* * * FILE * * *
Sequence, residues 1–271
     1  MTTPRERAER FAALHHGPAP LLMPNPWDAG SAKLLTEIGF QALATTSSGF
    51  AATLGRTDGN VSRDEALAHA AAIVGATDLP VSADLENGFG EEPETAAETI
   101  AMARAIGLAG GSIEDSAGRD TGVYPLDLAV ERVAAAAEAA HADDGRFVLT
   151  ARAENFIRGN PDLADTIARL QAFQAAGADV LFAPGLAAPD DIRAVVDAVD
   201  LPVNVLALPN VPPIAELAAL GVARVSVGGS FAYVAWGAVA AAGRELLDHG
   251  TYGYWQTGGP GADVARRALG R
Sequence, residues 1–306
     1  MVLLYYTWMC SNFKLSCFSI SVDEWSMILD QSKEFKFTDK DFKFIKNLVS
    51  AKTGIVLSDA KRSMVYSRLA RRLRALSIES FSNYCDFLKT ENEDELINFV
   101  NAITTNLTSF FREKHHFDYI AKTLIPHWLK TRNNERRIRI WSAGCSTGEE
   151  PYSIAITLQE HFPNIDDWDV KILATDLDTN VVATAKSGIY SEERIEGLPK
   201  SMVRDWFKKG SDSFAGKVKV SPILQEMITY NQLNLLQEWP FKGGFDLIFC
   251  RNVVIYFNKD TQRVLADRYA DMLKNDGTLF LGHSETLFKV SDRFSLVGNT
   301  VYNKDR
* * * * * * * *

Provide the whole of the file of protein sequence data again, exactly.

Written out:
Sequence, residues 1–271
     1  MTTPRERAER FAALHHGPAP LLMPNPWDAG SAKLLTEIGF QALATTSSGF
    51  AATLGRTDGN VSRDEALAHA AAIVGATDLP VSADLENGFG EEPETAAETI
   101  AMARAIGLAG GSIEDSAGRD TGVYPLDLAV ERVAAAAEAA HADDGRFVLT
   151  ARAENFIRGN PDLADTIARL QAFQAAGADV LFAPGLAAPD DIRAVVDAVD
   201  LPVNVLALPN VPPIAELAAL GVARVSVGGS FAYVAWGAVA AAGRELLDHG
   251  TYGYWQTGGP GADVARRALG R
Sequence, residues 1–306
     1  MVLLYYTWMC SNFKLSCFSI SVDEWSMILD QSKEFKFTDK DFKFIKNLVS
    51  AKTGIVLSDA KRSMVYSRLA RRLRALSIES FSNYCDFLKT ENEDELINFV
   101  NAITTNLTSF FREKHHFDYI AKTLIPHWLK TRNNERRIRI WSAGCSTGEE
   151  PYSIAITLQE HFPNIDDWDV KILATDLDTN VVATAKSGIY SEERIEGLPK
   201  SMVRDWFKKG SDSFAGKVKV SPILQEMITY NQLNLLQEWP FKGGFDLIFC
   251  RNVVIYFNKD TQRVLADRYA DMLKNDGTLF LGHSETLFKV SDRFSLVGNT
   301  VYNKDR